Moderna CEO on Thursday said new coronavirus strains are likely to emerge and countries will be required to get booster shots of the two-dose covid-19 vaccine as the southern hemisphere heads toward winter months from June.
“New variants of concern continue to emerge around the world. And we believe that over the next six months, as the Southern Hemisphere enters the fall and winter, we could see more variants of concern emerge,” CEO Stephane Bancel told CNBC. “We believe booster shots will be needed as we believe the virus is not going away,” he added.
The comment comes a day after Moderna announced a third dose of either its current COVID-19 shot or an experimental new vaccine candidate increases immunity against variants of COVID-19 first found in Brazil and South Africa.
The booster shots, given to volunteers previously inoculated with Moderna’s two-dose vaccine regimen, also boosted antibodies against the original version of COVID-19, Moderna said.
The early data comes from a 40-person trial testing both Moderna’s existing shot and a version developed to protect against the South African variant of COVID-19 called mRNA-1273.351. Moderna is also studying a shot that combines both the new and existing vaccine.
The results show that while booster shots of either version of the vaccine increased antibodies against all of the variants of COVID-19 tested in the trial, the new booster had a bigger response against the South African variant than the original vaccine.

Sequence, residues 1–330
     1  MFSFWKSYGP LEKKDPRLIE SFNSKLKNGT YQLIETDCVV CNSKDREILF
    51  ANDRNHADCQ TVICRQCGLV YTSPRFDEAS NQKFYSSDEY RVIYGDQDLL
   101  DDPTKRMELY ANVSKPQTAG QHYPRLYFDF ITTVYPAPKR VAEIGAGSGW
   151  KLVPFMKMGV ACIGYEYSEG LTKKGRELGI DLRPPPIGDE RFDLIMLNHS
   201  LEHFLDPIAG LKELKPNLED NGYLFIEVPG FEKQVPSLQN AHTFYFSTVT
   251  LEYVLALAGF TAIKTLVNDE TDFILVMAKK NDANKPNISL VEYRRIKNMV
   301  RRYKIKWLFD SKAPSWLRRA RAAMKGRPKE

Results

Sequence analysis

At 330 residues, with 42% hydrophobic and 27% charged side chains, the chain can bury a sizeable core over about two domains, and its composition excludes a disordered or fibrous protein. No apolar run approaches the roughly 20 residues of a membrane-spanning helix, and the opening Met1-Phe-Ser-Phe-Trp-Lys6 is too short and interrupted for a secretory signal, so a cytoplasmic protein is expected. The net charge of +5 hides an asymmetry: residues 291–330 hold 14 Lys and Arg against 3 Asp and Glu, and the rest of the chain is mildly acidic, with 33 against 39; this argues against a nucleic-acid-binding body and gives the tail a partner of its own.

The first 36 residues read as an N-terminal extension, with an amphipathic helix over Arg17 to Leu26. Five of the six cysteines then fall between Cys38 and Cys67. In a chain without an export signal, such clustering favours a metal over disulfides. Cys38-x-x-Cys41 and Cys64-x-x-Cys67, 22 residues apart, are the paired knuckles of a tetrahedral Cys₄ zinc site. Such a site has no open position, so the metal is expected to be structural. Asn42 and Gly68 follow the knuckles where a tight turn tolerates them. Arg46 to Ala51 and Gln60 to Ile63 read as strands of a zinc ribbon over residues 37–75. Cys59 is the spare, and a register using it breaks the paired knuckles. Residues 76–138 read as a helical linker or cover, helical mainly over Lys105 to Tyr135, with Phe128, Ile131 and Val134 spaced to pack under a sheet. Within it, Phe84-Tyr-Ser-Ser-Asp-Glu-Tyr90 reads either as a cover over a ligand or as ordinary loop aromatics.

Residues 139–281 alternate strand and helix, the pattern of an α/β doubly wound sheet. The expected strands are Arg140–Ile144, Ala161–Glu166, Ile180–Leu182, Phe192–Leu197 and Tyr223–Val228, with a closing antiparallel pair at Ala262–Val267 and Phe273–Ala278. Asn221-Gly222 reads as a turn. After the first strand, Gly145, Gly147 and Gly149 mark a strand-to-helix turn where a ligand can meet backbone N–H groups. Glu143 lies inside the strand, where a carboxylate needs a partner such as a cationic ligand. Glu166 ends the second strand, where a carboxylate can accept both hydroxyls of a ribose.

“We are encouraged by these new data, which reinforce our confidence that our booster strategy should be protective” against the newer variants of COVID-19, Bancel said in a statement. Both booster shots were well tolerated, with side effects similar to what volunteers in previous studies experienced from the second dose of its vaccine, Moderna said.
The new variants of COVID-19 first discovered in South Africa and Brazil are thought to be more resistant to existing vaccines.
Moderna raised its 2021 sales forecast for its COVID-19 shot by 4.3% to $19.2 billion on Thursday, reflecting demand from countries looking to return to normalcy through rapid vaccine rollouts. Deals for “booster” doses, nations looking to stock up supplies for 2022 and beyond and a likely authorization for use of the vaccines in kids have led Moderna and its larger rival Pfizer to ramp up their supplies.
Moderna had in February forecast vaccine sales of $18.4 billion. In the first quarter ended March 31, its vaccine brought in sales of $1.7 billion, helping the drugmaker record a profit for the first time ever.
(With inputs from Reuters)